The Lakers announced Sunday that Kobe Bryant suffered a nasal fracture during the All-Star game after a foul from Dwyane Wade. The Lakers say that Bryant will be re-evaluated Monday by an ear, nose, and throat specialist and is expected to resume practice Tuesday, according to the Orange County Register

Update: Yahoo Sports reports that Bryant also sustained a "mild concussion" on the play. If so, Bryant will be subject to the NBA's new concussion policy, which requires league approval for him to return to the court.

Here's video of the play from Wade in the third quarter which resulted in the broken schnoz:  



Clearly a purposeful foul in an All-Star game, which isn't going to endear Wade to Lakers fans. Bryant stayed in the game and passed Michael Jordan for all-time leader in points scored in the All-Star Game. Wade also famously was involved in the injury to Rajon Rondo in last year's Eastern Conference Semifinals against the Celtics.

The Salt Lake Tribune reported that Bryant was suffering from headaches after the game, which lead to him missing media availability after the game.
Posted on: February 26, 2012 11:58 pm
Edited on: February 27, 2012 12:00 am
 

Check that trophy off: Durant wins All-Star MVP

Posted by Royce Young



ORLANDO -- There are certain boxes a player needs to check off while building an all-time resume. And Kevin Durant just pulled out a big red marker.

The 23-year-old superstar has already accomplished quite a lot in his four-plus NBA seasons. He's won two scoring titles. He's been named to the All-Star team three times, twice as a starter. Been named to three All-NBA teams. He's played in the Western Conference Finals. He won the HORSE competition twice in a row. OK, so that last one's not so prestigious.

But now he's got an All-Star MVP. That's a bunch of checks for a guy that only started driving seven years ago.

Durant took home the trophy with a 36-point, seven-rebound, three-assist performance in the West's 152-149 victory over the East in the 2012 All-Star Game in Orlando. He tied with LeBron James for the game-high in points, but taking nine out of 13 possible votes, Durant took home the award.

"It's just exciting to be named an All-Star, but to step it up another level and become MVP, it's only something that as a kid you dream about," Durant said. "Coming from where I come from, I didn't think I would be here. Everything has just been a blessing to me. I'm excited. I'm glad I'm taking this back to Oklahoma City."

It was obvious early on that Durant was serious about this glorified exhibition game. He attacked often, slowed into his gorgeous pull-up game and became the West's offensive focal point. Which is saying something when you're sharing the floor with Chris Paul, Kobe Bryant and Blake Griffin.

Durant had 21 points at the half, 34 at the end of the third quarter and when he checked back in with 7:53 left in the fourth quarter, he had a realistic shot at Wilt Chamberlain's 1962 all-time mark of 42 points in an All-Star Game.

"I didn't know. I didn't know," he said about Chamberlain's mark. "But you know, MVP is something that you want to get in this game, and I'm glad I got it. It made me feel better, all the guys congratulated me. It's just crazy now that I can hoist this trophy."

One thing that helped? Durant's coach, Scott Brooks was leading the Western All-Stars, which meant Durant basically could call his own game. He got a game-high 37 minutes and it was pretty clear that he had an eye on that MVP trophy.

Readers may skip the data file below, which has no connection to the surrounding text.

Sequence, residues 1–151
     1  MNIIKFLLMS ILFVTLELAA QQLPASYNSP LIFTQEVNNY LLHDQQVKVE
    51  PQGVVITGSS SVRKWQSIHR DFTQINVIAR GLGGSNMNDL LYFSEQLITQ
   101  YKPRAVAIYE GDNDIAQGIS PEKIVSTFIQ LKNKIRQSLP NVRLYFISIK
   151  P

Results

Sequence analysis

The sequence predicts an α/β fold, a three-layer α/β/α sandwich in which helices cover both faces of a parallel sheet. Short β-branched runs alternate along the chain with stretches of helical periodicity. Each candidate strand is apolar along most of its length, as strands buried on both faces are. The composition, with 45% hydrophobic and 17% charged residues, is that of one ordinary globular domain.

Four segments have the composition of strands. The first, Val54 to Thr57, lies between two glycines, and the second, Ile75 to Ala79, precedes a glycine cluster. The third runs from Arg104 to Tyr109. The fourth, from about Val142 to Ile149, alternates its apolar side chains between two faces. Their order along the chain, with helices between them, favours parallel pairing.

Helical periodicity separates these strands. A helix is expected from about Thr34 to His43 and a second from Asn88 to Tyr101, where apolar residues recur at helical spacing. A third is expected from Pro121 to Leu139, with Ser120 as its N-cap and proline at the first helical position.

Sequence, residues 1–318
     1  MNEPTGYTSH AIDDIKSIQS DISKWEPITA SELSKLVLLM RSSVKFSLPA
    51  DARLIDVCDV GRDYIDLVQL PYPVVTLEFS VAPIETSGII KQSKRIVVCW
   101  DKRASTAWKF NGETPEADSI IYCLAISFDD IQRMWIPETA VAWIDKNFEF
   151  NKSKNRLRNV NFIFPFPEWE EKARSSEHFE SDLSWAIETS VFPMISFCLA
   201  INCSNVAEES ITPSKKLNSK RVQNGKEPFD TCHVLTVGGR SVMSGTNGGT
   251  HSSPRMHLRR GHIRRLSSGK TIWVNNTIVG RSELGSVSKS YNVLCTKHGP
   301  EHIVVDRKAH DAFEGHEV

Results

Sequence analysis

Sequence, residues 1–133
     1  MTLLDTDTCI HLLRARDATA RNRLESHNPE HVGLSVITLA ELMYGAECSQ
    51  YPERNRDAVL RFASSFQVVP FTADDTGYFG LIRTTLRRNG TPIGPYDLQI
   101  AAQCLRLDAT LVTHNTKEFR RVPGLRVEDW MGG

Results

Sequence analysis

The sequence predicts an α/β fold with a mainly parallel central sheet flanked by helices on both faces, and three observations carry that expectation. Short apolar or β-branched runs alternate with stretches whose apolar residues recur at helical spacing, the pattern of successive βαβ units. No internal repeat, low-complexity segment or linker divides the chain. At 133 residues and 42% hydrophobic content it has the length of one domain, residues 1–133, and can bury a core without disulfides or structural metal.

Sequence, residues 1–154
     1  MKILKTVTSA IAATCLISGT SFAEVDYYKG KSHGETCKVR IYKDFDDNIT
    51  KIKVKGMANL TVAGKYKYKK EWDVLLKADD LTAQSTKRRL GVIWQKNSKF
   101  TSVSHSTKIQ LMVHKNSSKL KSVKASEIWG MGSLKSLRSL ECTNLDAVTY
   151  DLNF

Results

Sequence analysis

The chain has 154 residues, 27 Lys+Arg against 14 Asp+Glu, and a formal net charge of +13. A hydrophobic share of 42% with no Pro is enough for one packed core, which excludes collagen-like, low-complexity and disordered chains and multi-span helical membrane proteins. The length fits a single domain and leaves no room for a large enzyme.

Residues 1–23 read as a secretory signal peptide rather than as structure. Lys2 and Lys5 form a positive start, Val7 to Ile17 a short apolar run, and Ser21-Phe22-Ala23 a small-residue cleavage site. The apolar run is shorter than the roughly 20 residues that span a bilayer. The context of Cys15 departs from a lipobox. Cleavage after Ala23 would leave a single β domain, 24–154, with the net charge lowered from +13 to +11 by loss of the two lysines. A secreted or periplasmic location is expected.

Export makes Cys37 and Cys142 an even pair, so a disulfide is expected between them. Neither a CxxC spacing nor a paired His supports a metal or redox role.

"I wasn’t surprised at all,” he said. “Me and Scotty have been talking about this for a couple of weeks.”

Said Brooks about his golden calf: "He just comes in and does his work. He's a tremendous kid as well as you all know. Off the court, he's classy, he's a special teammate. What he does doesn't surprise me other than he did well at the Three-point Shooting Contest last night. That actually surprised me."

The All-Star Game always has an open feel to it and high point total aren't anything to get excited about. That's just part of it. Players have big games, piling up points on easy dunks, layups and open jumpers. But it does say something about who's getting those looks. It's about who's deferring to who, who's taking control. For instance, with Kobe Bryant on the floor with Durant and the East pulling within a point, it was Durant's running floater that put the West back up three. Durant took the most shots (25) and basically controlled the offense. That's the power of the Durantula -- he pushed the Black Mamba aside and owned the game. Not an easy thing to do.

You can say it was a changing of the guard, a passing of the baton or whatever metaphor you feel like working in, but as Kobe set the all-time mark for points in the game, passing Michael Jordan, Durant took home the MVP and was the West's alpha dog. With three games under his belt, Durant's off to a good start. Bryant sits on 271, Durant 186 shy of that and a lot of years ahead of him.

Said Dwyane Wade, “With KD in the league, I don’t know how long it’s going to last.”

Durant has always preferred to stay humble and quiet about his own other-worldly game, choosing to just let his play do his talking. He's never called himself great, never pointed at anything he's done. And even on one of the NBA's biggest stages after winning one of the game's most prestigious pieces of hardware, he still wouldn't just finally admit he's a real superstar.

"I wouldn't say that yet. Hopefully. Hopefully soon I can say that," he said. "Once I grow old, I can tell my kids that I got an All-Star Game trophy."

Trust me, KD. You're going to be telling your kids about a whole lot more trophies than just that one.
 
 
 
 
The views expressed in this blog are solely those of the author and do not reflect the views of CBS Sports or CBSSports.com